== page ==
Do I just use cold water or can I use hot water?
Use cold or room temperature water. Hot water will heat the grounds and change the flavor by bringing out more oils and acids.
Can the cold brew be heated and served hot?
Yes, but we do not recommend this. Cold brew coffee is unique because it never gets heated and hot water is never used. This minimizes the acidity and heating the cold brew will change the molecular structure of the coffee.
The stainless portion of the permanent filter on my Cold Pro™ System is wrinkled. Did it get damaged in shipping?
No, your permanent filter is not damaged. The photo etched stainless steel portion is over molded with polypropylene (plastic). When the piece is removed from the injection molding machine, the polypropylene cools and shrinks slightly while the stainless steel does not. This shrinkage causes the stainless steel to wrinkle, but it will not affect the functionality of the permanent filter.
Are the components of the Cold Pro™ systems certified food safe?
Yes. All proprietary components of the Cold Pro™ have been certified food safe by SGS, the world's leading inspection, verification, testing and certification company. For more information about food contact testing performed by SGS, follow this link: http://www.sgs.com/en/agriculture-food/food/food-contact-tests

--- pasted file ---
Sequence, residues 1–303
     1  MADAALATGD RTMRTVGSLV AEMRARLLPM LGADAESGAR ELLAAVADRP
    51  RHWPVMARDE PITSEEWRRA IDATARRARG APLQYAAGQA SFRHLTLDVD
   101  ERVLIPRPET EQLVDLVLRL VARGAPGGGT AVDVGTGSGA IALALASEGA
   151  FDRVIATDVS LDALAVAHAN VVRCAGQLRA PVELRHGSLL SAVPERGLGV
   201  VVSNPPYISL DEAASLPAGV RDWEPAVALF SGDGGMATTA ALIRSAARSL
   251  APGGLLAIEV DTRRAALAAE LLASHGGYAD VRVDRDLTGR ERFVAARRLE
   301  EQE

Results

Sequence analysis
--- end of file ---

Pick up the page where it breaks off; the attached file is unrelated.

Test reports are available here:
- Cold Pro™ Adaptor Ring Test Results (pdf opens in new window)
- Cold Pro™ Permanent Filter Mesh Test Results (pdf opens in new window)
- Cold Pro™ Permanent Filter Handle Test Results (pdf opens in new window)
Additionally, the three current Cold Pro™ brewing vessels; the Rubbermaid® Brute® 10 gallon bucket, Carlisle® Bain Marie™ 22 quart container, and the Curtis® TC-10H stainless steel dispenser are all NSF certified.
What is the smallest amount of cold brew I can make with my Cold Pro™ Brewing System?
The smallest amount we've been able to brew with the Cold Pro 2™ system is 4 gallons (15 L) water with 2 pounds (0.9 kg) of coffee. That is the lowest level we've attained while still keeping the grounds submersed. This is a recipe for ready to drink cold brew, not a concentrate. Using this recipe you can expect to yield between 13 and 13.5 liters of ready-to-drink cold brew coffee.